Along the road that circles the park stands the only Greek Orthodox Church in Ashkelon. Dating back to the Byzantine era, it was originally graced with six pillars made of granite from Aswan. Moslems turned it into a mosque; the Crusaders turned it back into a smaller church with only four pillars and painted frescoes on the walls. In its heyday it was full of decorations and boasted an iconostasis (wall of icons) typical of an Orthodox house of worship.
Other must-see sights in Ashkelon include the Tomb of Mameluke Sheik Awad, located at the northern end of a wonderful, colorful and accessible promenade above the sea, and a mosaic floor inscribed with the date (498) and featuring an amphora and floral decorations. The floor belonged in a Byzantine church, today it is found next to the road, out in the open, across from the Holiday Inn Hotel on Yekutiel Adam Street.
Inside one of the city’s loveliest neighborhoods, on Zvi Segal Street, stand the beautiful remains of another Byzantine church. It was erected in basilica style, and its pillars and capitals have been well preserved.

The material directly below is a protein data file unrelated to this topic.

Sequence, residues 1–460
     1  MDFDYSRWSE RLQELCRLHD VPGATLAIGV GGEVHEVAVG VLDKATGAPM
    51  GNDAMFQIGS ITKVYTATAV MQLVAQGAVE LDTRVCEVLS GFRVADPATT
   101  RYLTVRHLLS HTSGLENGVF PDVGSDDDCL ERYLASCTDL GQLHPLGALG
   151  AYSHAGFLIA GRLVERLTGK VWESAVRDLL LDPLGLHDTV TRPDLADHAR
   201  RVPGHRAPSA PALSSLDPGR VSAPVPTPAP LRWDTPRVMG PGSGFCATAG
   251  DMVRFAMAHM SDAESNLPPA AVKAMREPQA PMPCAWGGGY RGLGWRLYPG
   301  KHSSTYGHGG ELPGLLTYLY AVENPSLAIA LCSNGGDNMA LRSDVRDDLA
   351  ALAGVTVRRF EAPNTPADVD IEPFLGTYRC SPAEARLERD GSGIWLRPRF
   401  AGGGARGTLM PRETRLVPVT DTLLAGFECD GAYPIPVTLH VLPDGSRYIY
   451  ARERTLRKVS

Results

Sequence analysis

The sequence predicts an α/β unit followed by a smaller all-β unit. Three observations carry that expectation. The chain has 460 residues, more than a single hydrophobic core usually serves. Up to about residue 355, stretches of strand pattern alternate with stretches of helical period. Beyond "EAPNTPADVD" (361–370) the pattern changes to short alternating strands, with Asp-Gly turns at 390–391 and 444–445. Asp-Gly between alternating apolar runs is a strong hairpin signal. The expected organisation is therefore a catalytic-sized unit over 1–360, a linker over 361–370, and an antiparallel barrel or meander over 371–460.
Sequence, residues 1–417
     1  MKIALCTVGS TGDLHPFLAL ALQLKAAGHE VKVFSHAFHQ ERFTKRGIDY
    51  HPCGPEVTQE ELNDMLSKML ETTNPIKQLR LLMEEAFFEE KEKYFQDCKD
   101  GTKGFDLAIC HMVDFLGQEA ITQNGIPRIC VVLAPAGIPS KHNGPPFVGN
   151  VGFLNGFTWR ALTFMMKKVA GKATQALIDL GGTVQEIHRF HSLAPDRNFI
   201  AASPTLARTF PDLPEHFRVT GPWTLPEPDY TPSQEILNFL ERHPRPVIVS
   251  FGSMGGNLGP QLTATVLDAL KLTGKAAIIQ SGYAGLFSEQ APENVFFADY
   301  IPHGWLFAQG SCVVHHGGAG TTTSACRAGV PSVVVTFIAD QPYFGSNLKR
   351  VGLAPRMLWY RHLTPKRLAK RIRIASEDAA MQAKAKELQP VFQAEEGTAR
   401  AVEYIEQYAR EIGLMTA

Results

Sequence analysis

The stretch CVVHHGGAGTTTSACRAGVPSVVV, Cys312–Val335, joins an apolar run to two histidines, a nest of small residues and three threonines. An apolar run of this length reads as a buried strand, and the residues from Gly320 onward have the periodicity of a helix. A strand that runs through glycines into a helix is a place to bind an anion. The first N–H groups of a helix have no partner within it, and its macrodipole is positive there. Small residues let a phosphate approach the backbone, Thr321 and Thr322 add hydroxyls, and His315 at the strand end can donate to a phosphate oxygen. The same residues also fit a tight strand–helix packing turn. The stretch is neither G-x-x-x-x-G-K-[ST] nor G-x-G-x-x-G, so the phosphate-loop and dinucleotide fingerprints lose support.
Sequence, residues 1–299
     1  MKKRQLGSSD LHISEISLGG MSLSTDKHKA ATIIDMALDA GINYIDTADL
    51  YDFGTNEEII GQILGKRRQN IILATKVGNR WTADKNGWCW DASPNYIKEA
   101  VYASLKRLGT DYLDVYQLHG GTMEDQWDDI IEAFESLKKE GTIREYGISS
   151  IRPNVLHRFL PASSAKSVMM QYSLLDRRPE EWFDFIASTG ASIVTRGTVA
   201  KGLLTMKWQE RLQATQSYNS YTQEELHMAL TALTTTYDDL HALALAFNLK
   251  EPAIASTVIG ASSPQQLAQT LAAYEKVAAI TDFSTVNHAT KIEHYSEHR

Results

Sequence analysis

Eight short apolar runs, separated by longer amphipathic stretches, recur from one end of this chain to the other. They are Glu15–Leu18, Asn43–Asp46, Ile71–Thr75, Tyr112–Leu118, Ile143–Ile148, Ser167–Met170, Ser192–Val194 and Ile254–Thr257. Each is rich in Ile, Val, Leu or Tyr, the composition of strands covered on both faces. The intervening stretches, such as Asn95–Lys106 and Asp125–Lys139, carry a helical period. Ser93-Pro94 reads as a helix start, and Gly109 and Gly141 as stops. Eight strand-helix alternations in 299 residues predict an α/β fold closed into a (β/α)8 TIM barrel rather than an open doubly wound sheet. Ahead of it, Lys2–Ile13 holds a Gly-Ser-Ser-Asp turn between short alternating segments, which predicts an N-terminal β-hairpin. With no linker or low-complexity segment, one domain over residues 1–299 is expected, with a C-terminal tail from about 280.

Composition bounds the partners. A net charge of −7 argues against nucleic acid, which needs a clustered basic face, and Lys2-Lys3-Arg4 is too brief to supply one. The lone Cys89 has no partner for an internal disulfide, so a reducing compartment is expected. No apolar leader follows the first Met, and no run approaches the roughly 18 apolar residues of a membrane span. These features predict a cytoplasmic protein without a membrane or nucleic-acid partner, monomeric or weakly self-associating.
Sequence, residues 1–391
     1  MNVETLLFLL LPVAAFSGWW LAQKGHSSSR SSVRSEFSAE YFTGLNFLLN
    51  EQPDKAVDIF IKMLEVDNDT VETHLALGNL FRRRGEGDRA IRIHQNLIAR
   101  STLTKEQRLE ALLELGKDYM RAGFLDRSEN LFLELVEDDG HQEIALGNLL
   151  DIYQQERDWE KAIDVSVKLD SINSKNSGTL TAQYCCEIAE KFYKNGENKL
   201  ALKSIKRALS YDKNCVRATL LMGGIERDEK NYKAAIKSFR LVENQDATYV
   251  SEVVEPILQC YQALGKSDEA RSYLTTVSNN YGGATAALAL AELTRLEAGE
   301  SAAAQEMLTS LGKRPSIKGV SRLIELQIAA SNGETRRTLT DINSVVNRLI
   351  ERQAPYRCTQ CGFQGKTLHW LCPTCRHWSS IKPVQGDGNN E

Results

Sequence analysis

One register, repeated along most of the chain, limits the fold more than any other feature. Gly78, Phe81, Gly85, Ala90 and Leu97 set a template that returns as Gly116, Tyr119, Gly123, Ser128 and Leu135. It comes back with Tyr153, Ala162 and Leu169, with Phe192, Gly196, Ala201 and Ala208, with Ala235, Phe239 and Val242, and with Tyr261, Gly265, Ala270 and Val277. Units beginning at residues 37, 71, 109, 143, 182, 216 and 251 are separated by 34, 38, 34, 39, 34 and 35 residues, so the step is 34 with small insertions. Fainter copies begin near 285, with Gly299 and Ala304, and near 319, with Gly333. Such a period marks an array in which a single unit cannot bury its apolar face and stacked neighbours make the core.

Last but definitely not least, the Sarcophagus Courtyard in the Afridar neighborhood on Bar Kochba Street features both a large grassy area where children can run around, and the most decorative sarcophagi ever discovered in Israel. Dating back to the Roman era, made of imported marble, they depict the battle of troy, lions fighting with bulls, the kidnap of Persephone (who became goddess queen of the underworld) and two lions guarding a funeral urn. (Open Sunday-Thursday 8:30-15:30; Fridays 8:30-13:30 Closed on Saturday.)
Aviva Bar-Am is the author of seven English-language guides to Israel.
Shmuel Bar-Am is a licensed tour guide who provides private, customized tours in Israel for individuals, families and small groups.